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3 Common Email Scams and How to Avoid Them

3 Common Email Scams and How to Avoid Them

Throughout the many years of using email, you’ve undoubtedly encountered a wide range of spam, hoaxes, and attempted scams in your inbox. While some scams are well-known and exceptionally obvious, others can be harder to detect.

According to a Cloudmark survey, over 85% of organizations have been impacted from phishing attacks (a form of email scam) in the past 12 months, and suffered an average financial cost of $1.6 million. For this reason, it’s imperative to be aware of common email scams to know how to avoid them:

Common Types of Email Scammers

1. Mystery Shopper Email Scam

This scam lures people with the appearance of an advertisement for a lucrative work-at-home, paid shopping opportunity. The subject line from a Mystery Shopper Email Scam often promises a hefty paycheck for doing little more than shopping.

No education or experience is required, and prospects are told the job will pay several hundred dollars per day. The scam benefits cybercriminals by requiring expensive “training” for a job that doesn’t exist.

Some variations ask job seekers to share their address or banking information. Others even receive checks with the requirement to wire back some of the money for more training materials. After the money is sent, victims discover their paycheck bounces. They lose the money sent to scammers as well as overdraft fees.

2. PayPal Email Scam

With more than 190 million people registered to PayPal worldwide, it’s no surprise that cybercriminals have targeted account to access funds. With this scam, victims are sent an email claiming their PayPal account has been breached. Messages like this are intended to motivate recipients to respond quickly, often without thinking about the possibility of a scam.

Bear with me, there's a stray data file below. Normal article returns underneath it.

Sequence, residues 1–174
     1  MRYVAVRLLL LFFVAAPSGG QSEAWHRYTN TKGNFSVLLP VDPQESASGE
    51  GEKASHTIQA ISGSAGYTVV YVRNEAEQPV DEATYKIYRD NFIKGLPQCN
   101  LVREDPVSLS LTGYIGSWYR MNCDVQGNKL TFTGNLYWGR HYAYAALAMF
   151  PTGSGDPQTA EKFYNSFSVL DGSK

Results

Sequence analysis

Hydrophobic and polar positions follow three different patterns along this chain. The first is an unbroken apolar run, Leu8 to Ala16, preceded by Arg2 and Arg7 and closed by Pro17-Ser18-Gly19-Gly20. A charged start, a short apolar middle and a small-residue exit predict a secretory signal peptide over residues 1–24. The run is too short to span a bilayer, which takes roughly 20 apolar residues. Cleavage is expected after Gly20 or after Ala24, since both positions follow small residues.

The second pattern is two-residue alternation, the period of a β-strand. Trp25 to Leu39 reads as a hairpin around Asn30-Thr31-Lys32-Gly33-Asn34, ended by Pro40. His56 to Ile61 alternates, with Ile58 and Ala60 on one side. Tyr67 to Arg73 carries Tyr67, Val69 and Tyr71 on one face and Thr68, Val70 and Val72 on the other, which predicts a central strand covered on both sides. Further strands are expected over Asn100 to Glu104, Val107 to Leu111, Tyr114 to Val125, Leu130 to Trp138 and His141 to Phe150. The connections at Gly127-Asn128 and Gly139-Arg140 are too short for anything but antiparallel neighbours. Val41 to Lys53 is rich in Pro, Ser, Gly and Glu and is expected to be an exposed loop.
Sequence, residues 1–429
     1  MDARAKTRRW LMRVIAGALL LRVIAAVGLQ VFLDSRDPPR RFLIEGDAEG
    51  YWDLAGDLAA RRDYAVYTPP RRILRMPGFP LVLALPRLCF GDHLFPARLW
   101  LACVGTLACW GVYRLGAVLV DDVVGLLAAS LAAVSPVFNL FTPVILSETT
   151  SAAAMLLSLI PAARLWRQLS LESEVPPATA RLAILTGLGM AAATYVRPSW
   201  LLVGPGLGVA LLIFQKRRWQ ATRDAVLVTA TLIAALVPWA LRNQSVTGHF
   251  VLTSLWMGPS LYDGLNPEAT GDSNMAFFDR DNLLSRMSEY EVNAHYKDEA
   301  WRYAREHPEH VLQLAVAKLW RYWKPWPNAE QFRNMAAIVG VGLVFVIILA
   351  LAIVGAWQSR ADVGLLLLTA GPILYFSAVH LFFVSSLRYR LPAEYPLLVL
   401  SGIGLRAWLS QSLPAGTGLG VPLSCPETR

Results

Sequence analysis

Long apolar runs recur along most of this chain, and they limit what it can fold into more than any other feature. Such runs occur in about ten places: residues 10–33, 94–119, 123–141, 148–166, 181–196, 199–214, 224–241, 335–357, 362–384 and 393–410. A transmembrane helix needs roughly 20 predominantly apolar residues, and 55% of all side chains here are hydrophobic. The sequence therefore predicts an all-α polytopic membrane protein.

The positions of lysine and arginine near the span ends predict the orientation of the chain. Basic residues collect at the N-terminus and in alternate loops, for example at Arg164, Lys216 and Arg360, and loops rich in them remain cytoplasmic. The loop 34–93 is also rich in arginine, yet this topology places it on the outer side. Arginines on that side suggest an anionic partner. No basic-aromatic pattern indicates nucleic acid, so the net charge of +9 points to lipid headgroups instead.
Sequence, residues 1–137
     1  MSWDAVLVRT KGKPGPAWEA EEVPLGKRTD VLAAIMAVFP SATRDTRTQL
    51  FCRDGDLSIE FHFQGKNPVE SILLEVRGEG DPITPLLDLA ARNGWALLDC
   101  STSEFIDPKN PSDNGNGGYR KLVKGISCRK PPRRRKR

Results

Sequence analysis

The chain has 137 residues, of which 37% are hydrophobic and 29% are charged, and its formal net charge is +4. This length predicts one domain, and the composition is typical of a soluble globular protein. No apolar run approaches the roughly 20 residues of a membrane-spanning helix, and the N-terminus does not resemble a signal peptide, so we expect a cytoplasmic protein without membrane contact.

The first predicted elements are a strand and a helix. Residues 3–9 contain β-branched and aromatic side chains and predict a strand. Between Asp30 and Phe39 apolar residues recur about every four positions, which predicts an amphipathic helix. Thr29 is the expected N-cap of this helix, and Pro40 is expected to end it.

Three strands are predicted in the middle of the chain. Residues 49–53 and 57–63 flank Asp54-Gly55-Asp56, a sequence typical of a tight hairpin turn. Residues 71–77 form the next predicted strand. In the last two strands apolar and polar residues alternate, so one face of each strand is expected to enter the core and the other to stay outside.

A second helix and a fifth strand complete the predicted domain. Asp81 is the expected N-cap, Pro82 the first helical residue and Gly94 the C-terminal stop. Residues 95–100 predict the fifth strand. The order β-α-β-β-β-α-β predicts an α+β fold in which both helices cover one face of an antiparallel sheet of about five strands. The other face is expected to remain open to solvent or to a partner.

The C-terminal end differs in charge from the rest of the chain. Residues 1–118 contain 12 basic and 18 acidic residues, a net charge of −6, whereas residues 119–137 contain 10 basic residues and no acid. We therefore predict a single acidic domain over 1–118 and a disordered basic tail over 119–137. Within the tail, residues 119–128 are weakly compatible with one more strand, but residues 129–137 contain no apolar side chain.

The data stolen varies, but this scam has been used to access people’s PayPal accounts, obtain banking information, and steal the contact information of friends and associates.

3. Foreign Lottery Scam

The foreign lottery scam has been circulating for several years. The subject line of the email offers congratulations related to the supposed winning of a foreign lottery. Victims are frequently informed they’ve won hundreds of thousands of dollars.

They’re promised the funds only if they divulge personal information, including birth date and even banking information. Days and sometimes even hours after providing this information, victims learn their bank accounts have been emptied.

What to do with Scam Emails

There are a few simple tips to help protect yourself from these and other common email scams.

These include:
  • Do your research: If an email states you’ve won the lottery, been hired for a job, or been bequeathed a settlement, do a quick Google search. You’ll likely learn that no such promise exists and may even find other reports of a similar scam.
  • Pay attention to the sender: Large brands such as banks, lotteries and companies don’t have personal or cryptic email addresses. If you receive emails from a brand, but the email address uses strange numbering or symbols, this should raise a red flag.
  • Legitimate organizations and businesses never threaten: Email scams often reach desperate lows by threatening their attempted victims with a variation of loss or consequence if they do not respond. Credible employers, banks, lawyers, and lottery organizations would never practice this level of unprofessionalism.
  • Remember, if you didn’t enter a lottery, you won’t win. If you didn’t apply for a job, it should be suspicious that you’re offered a position and if you didn’t know of a very wealthy family member overseas prior to their death, you probably didn’t have one.

    Be cautious and stay safe online. If you’ve fallen victim to email scams, it can often result in lost data or a corrupted hard drive.

    Let us know if we can help restore your data! Submit an online help form to get started or call us at 1-800-388-1266.

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